Feeds

India's low cost tablet dream lives on with Aakash IV

But Brit biz Datawind may not get contract this time around

High performance access to file storage

The Indian government is pushing ahead with plans for a new and improved low-cost Aakash tablet for students which it hopes will reinvigorate a project hit by countless delays.

The technical specs of the proposed Android-based Aakash IV have been posted to the web sites of the Ministry of Human Resource Development (MHRD) and the Department of Electronics and Information Technology (DeitY) to allow stakeholders to comment.

The seven incher should be no more than 500g in weight and 0.75in thick, with a minimum of 1 GB DDR3 SDRAM, alongside at least 4GB internal storage which can be expanded by up to 32GB with an SD card, according to the proposals.

Battery capacity should be enough for at least three hours of 720p video playback and five hours of web browsing.

The government wants to stick with “the latest Android stable version” but said the tablet needs to be dual bootable through an external SD card to also offer the latest version of Ubuntu.

Browser-wise it needs HTML5 support and the default language of the device will be set to English, although support for multiple Indian languages including Hindi, Tamil and Punjabi is a must.

As a learning tool for students, there is also a strict requirement for USB, mouse, keyboard, and “all popular” 2G, 3G and 4G data dongles to be supported.

In a blow to UK firm Datawind, which produced the first two iterations of the Aakash, the government said it hadn’t decided who would be awarded the lucrative contract this time around.

The firm may well be fearing the worst, given that the project has been plagued by problems up to this point.

The first version of the tablet, launched in October 2011, was roundly slated, mainly because of its poor resistive touchscreen.

Things got even worse when Datawind had a falling out with the Indian Institute of Technology (IIT) Jodhpur and IIT Rajasthan – organisations leading the project at a regional level – which ended up delaying shipments.

The project seemingly got back on track last year after Datawind launched the Aakash 2 – a slightly higher spec’d version with an improved (capacitive) touchscreen.

There have still been grumbles, however, that despite the extremely low cost – just Rs 1,130 ($US24.65) to students – the device simply isn’t good enough.

Further shipping delays have imperilled the project again, so the Aakash IV may be the government’s last chance to get things right and finally put a tablet in the hands of millions of students in 25,000 colleges and 400 universities across the sub-continent. ®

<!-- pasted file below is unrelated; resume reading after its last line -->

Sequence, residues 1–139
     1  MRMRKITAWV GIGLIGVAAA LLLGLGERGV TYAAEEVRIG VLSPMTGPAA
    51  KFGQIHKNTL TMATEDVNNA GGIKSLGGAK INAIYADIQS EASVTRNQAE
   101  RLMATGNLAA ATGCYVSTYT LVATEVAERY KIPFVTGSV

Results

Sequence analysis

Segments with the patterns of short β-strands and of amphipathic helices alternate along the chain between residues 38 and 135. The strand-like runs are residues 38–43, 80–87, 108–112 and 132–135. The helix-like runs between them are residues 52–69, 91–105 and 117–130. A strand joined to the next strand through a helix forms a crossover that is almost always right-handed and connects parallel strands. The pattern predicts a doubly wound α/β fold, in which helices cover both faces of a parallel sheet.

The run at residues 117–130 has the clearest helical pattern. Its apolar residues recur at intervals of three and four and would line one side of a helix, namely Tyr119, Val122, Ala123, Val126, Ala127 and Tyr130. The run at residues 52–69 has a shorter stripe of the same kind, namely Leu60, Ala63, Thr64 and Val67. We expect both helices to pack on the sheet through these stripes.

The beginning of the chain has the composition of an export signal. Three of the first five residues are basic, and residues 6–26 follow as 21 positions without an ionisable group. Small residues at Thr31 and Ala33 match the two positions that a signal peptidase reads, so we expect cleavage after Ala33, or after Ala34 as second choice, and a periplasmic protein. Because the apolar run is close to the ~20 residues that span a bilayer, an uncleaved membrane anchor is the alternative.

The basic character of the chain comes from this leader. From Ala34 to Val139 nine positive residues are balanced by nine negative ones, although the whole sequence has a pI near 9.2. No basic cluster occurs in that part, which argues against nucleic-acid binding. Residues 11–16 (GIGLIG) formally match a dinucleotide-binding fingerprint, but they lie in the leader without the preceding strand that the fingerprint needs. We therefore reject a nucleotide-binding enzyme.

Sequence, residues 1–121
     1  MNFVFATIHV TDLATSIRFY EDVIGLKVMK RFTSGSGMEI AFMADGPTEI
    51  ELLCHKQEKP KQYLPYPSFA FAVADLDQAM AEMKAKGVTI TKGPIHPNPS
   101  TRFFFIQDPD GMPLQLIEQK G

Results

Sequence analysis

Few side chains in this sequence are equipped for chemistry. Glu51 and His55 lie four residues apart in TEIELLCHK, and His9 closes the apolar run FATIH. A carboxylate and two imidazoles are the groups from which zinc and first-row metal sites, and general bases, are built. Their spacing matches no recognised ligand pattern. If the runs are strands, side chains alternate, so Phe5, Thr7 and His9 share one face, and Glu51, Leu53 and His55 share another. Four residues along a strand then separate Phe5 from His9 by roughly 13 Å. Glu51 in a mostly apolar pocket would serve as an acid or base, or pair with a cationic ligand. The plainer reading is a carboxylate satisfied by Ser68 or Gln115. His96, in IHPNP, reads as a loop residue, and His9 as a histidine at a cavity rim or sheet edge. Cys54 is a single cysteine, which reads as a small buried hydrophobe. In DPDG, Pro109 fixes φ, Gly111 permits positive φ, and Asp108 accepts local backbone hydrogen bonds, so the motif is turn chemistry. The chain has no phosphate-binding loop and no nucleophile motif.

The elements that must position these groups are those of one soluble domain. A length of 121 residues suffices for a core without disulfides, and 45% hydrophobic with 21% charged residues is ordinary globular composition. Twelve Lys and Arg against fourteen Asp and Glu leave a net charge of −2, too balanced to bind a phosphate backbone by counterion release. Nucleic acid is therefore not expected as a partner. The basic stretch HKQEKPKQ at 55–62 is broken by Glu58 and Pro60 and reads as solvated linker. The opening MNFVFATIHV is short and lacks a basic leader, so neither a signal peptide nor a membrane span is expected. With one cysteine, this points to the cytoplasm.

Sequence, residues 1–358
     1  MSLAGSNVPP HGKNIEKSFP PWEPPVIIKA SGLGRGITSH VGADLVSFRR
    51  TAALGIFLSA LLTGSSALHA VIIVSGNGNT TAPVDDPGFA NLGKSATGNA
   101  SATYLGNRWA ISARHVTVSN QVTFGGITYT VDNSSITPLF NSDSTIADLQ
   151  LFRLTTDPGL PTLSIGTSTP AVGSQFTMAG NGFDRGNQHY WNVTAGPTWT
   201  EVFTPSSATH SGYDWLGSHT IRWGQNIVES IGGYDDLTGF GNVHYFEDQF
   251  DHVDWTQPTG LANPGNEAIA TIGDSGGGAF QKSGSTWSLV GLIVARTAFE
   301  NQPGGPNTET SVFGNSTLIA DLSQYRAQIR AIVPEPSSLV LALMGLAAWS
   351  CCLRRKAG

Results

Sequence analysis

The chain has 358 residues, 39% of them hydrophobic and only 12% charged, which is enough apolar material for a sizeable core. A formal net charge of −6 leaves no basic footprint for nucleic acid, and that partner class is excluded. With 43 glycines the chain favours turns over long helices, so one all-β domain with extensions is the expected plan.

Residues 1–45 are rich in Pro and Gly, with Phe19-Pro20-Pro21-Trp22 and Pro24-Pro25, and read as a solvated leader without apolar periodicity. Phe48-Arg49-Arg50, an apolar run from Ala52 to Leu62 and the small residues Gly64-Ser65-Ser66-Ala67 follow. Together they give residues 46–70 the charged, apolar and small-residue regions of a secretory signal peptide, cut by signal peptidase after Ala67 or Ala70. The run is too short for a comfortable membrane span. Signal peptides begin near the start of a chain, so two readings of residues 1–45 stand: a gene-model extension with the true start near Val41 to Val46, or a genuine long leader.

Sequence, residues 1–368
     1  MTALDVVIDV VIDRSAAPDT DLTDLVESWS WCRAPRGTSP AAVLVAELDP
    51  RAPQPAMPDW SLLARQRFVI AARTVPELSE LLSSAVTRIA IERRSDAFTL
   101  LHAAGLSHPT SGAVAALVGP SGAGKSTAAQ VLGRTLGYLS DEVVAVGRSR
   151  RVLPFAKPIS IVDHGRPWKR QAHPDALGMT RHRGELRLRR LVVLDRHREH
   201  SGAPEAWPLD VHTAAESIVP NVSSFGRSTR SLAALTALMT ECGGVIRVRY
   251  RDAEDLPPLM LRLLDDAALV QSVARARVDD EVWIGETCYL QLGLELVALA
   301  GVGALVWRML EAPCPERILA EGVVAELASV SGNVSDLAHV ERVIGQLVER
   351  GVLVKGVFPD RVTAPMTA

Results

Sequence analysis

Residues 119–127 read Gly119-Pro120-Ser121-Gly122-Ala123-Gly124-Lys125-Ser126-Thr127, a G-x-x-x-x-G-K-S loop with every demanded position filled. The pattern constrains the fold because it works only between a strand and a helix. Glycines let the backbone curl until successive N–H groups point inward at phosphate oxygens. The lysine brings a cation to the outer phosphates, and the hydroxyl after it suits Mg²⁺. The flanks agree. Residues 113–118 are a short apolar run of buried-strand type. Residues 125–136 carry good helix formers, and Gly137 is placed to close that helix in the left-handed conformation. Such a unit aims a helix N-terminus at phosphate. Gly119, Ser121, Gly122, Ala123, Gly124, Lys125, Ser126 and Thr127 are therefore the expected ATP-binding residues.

High performance access to file storage

More from The Register

next story
Report: Apple seeking to raise iPhone 6 price by a HUNDRED BUCKS
'Well, that 5c experiment didn't go so well – let's try the other direction'
Microsoft lobs pre-release Windows Phone 8.1 at devs who dare
App makers can load it before anyone else, but if they do they're stuck with it
Zucker punched: Google gobbles Facebook-wooed Titan Aerospace
Up, up and away in my beautiful balloon flying broadband-bot
Nvidia gamers hit trifecta with driver, optimizer, and mobile upgrades
Li'l Shield moves up to Android 4.4.2 KitKat, GameStream comes to notebooks
AMD unveils Godzilla's graphics card – 'the world's fastest, period'
The Radeon R9 295X2: Water-cooled, 5,632 stream processors, 11.5TFLOPS
Sony battery recall as VAIO goes out with a bang, not a whimper
The perils of having Panasonic as a partner
NORKS' own smartmobe pegged as Chinese landfill Android
Fake kit in the hermit kingdom? That's just Kim Jong-un-believable!
Gimme a high S5: Samsung Galaxy S5 puts substance over style
Biometrics and kid-friendly mode in back-to-basics blockbuster
prev story

Whitepapers

Securing web applications made simple and scalable
In this whitepaper learn how automated security testing can provide a simple and scalable way to protect your web applications.
Five 3D headsets to be won!
We were so impressed by the Durovis Dive headset we’ve asked the company to give some away to Reg readers.
HP ArcSight ESM solution helps Finansbank
Based on their experience using HP ArcSight Enterprise Security Manager for IT security operations, Finansbank moved to HP ArcSight ESM for fraud management.
The benefits of software based PBX
Why you should break free from your proprietary PBX and how to leverage your existing server hardware.
Mobile application security study
Download this report to see the alarming realities regarding the sheer number of applications vulnerable to attack, as well as the most common and easily addressable vulnerability errors.